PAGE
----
For an age where curation is emphasized, the curator is often brushed under the rug. Take Youtube for instance. When you are trying to find music there, do you focus on the uploader? Attention is on the video description and the content therein. The uploader remains a contingency. It did not matter who put up the full album. What is important is that the album is available for download.
This matter of anonymity spans centuries, most acutely before 1500 and the rise of typography. “Oddly enough,” Marshall McLuhan writes, “it is a consumer-oriented culture that is concerned about authors and labels of authenticity. Manuscript culture was producer-oriented, almost entirely a do-it-yourself culture, and naturally looked to the relevance and usability of items rather than their sources.”
Youtube, and by default the Internet, is a producer-oriented system. The uploading of videos upon videos is its goal. It is a library of sounds with users who fills its shelves. At what point does one of these users take up an elevated role as, say, a curator or author? Well, how did the scribes of medieval libraries look at such a question? In Medieval Texts and Their First Appearance in Print, E.P. Goldschmidt approaches such a problem:
“What amount of ‘comportation’ of acquired information entitled a man to claim the standing of an ‘author’ of a new unit in the chain of transmitted knowledge? We are guilty of an anachronism if we imagine that the medieval student regarded the contents of the books he read as the expression of another man’s personality and opinion. He looked upon them as part of that great and total body of knowledge…”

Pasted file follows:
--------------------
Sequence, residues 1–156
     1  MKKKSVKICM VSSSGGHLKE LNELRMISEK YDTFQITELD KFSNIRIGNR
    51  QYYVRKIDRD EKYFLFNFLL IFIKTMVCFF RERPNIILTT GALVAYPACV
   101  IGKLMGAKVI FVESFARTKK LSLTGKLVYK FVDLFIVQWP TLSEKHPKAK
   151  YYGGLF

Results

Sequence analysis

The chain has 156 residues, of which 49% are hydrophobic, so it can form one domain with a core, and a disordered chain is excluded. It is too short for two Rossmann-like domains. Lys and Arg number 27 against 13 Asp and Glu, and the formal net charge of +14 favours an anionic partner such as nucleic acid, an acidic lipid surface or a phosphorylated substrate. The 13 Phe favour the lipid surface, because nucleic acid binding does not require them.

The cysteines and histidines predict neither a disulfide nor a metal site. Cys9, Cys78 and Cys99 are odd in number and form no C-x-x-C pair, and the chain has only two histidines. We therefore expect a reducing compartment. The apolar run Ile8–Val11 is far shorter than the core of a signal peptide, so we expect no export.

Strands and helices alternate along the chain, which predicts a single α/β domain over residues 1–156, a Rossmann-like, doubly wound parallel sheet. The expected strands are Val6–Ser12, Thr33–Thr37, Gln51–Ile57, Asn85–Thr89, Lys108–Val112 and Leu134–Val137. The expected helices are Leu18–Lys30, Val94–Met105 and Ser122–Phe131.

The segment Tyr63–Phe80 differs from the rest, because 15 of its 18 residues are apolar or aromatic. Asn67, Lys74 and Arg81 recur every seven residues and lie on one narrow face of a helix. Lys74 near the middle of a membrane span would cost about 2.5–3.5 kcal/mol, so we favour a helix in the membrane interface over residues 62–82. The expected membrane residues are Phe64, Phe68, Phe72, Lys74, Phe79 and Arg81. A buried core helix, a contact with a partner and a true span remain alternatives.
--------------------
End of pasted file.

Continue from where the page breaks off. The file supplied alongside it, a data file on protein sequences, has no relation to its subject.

An answer seems irrelevant. The user today is treated more like a scribe than an author.
And yet the consumer-oriented system of today McLuhan mentioned still exists within Youtube. While we may not care about who uploaded it, we do care about the author of said music we want to hear. We would not have searched it otherwise. That kind of authorship usurps the user.
But let us rephrase that consumer-oriented culture has been the standard for most of modernity. Now, the producer-oriented system of manuscript culture finds itself bubbling back to the surface in our Internet age. Scribes are returning as users whose anonymity is of no concern to them or to those using their uploads. Only the music matters. Time will tell when we will not only deem irrelevant who uploaded a piece of music but also who wrote or performed it.